Friday, May 27, 2022

, U.S. Bishops Should Challenge Lawmakers to Pass Gun Safety Laws as Part of their Pro-Life Agenda, Bridget Mary Meehan ARCWP 

People visit a memorial outside Robb Elementary School in Uvalde, Texas, May 25, the site of a mass shooting.
An 18-year-old man shot and killed 19 children and two teachers and injured several more people. (CNS/Reuters/Nuri Vallbona)

The U.S. bishops have lobbied long and hard  on a pro-life agenda to end abortion, but , they have failed -with few exceptions- to use their influence to do anything about advocacy for gun safety laws to protect life.  This is not only inconsistent with a pro-life agenda from womb to tomb, but a major moral failure in pastoral leadership. Bridget Mary Meehan ARCWP

From article: "If only someone did something about the murder of 19 children" National Catholic Reporter

"A voice of moral authority. You certainly wouldn't see it in the statement the U.S. bishops released May 24 after the mass murder. Three short sentences, not even given the simple weight of an episcopal signature, but instead attributed to the bishops' spokesperson. Worse yet, it included only a very bland call to find ways "to understand this epidemic of evil and violence" behind mass shootings in America. No mention of the need for gun control measures, or of any specific call for Congress to, you know, actually do something.

Perhaps it is sadly illuminating that this horror occurred only four days after San Francisco Archbishop Salvatore Cordileone announced his decision to ban House Speaker Nancy Pelosi, a Democrat, from receiving Communion in his archdiocese, over her support for legalized abortion. What canonical punishment awaits the politicians, mostly Republicans, who largely refuse to vote for any significant form of gun control?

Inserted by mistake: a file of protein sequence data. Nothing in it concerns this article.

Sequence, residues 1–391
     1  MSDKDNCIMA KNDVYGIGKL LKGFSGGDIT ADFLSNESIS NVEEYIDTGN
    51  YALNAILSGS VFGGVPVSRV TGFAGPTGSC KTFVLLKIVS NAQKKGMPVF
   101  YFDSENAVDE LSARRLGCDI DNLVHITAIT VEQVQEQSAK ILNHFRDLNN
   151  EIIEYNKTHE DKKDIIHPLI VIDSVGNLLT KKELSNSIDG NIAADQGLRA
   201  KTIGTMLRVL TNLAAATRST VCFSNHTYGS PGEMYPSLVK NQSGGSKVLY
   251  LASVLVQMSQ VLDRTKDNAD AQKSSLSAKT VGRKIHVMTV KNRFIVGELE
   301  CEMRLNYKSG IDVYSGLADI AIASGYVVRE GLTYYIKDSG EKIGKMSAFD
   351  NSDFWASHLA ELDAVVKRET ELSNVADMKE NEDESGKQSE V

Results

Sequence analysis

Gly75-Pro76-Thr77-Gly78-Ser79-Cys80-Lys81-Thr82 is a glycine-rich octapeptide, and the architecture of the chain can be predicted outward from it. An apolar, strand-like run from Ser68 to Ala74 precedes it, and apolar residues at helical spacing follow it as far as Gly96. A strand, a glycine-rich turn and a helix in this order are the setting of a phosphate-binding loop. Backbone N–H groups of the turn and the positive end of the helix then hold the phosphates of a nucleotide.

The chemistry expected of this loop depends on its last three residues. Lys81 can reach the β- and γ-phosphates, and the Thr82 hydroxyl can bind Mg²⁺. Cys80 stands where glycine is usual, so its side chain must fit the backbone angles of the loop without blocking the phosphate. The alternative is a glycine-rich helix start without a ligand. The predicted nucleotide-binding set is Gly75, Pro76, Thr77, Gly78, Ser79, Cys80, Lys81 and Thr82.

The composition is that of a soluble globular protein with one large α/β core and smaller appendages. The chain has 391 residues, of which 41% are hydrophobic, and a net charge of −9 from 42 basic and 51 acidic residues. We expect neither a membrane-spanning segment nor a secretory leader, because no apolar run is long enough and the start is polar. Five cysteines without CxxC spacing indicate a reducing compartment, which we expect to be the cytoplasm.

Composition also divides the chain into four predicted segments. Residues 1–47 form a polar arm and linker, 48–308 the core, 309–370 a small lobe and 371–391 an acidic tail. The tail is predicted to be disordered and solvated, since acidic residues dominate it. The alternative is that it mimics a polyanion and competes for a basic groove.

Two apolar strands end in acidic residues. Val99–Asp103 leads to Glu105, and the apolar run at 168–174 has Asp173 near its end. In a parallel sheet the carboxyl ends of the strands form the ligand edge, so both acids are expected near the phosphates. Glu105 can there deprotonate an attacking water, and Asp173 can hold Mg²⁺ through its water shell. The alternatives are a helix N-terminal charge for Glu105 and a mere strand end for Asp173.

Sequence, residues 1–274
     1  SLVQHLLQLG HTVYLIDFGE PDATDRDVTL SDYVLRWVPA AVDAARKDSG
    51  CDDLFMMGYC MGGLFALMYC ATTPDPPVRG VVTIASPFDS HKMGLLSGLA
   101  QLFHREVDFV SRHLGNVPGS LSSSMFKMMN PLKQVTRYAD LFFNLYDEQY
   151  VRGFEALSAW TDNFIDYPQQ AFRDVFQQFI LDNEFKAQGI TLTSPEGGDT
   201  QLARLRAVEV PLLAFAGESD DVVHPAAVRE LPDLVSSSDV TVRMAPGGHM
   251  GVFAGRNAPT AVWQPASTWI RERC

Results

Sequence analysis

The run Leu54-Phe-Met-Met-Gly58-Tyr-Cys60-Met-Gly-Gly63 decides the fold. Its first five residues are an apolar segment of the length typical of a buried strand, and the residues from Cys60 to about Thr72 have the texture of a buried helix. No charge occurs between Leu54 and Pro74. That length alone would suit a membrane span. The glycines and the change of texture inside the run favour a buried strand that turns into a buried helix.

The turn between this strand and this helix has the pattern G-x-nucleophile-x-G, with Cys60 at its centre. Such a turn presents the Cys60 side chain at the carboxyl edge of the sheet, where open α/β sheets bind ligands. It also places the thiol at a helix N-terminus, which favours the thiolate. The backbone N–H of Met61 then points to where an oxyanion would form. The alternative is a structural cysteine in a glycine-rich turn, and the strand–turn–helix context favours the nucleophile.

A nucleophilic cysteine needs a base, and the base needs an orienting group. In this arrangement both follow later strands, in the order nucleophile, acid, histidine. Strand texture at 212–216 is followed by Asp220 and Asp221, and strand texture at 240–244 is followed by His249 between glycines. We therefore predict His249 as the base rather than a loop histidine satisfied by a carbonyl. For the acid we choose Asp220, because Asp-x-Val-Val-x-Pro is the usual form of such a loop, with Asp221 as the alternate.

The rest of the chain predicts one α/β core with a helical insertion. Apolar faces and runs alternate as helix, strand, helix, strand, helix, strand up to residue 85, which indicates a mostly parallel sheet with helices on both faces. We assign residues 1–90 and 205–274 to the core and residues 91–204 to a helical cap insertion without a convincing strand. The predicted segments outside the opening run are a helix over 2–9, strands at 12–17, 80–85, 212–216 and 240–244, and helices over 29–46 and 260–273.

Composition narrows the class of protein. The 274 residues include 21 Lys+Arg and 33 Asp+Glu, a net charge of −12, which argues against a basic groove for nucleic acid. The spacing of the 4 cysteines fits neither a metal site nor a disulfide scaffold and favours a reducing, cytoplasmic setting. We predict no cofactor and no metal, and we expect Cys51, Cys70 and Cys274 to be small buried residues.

It's hard not to conclude that one party's efforts toward a culture of life have episcopal backing, while the other's does not. What a lasting shame that the seamless garment movement was so tarred and feathered for decades by the church's pro-life wing. People would not consider the church political if it had criticized both parties more equally, and also supported them more equally, when they sought to defend and promote human life and dignity.

At least a few bishops responded to the murders in Texas more seriously than their organization in Washington.

San Antonio Archbishop Gustavo GarcĂ­a-Siller, for example, called the shooting a "massacre" and said such shootings "are a most pressing life issue on which all in society must act."

Chicago Cardinal Cupich pointedly asked: "Who are we as a nation if we do not act to protect our children? What do we love more: our instruments of death or our future?"

And Bishop Daniel Flores of Brownsville, Texas, responded with what sounds like holy anger.

"Don't tell me that guns aren't the problem, people are. I'm sick of hearing it," he said on Twitter. "The darkness first takes our children who then kill our children, using the guns that are easier to obtain than aspirin. We sacralize death's instruments and then are surprised that death uses them."

We're sick of hearing it, too. We're also sick of hearing the same song, always with a new verse — but always one where more of our children are butchered and no one in authority does anything. How long must this song go on?


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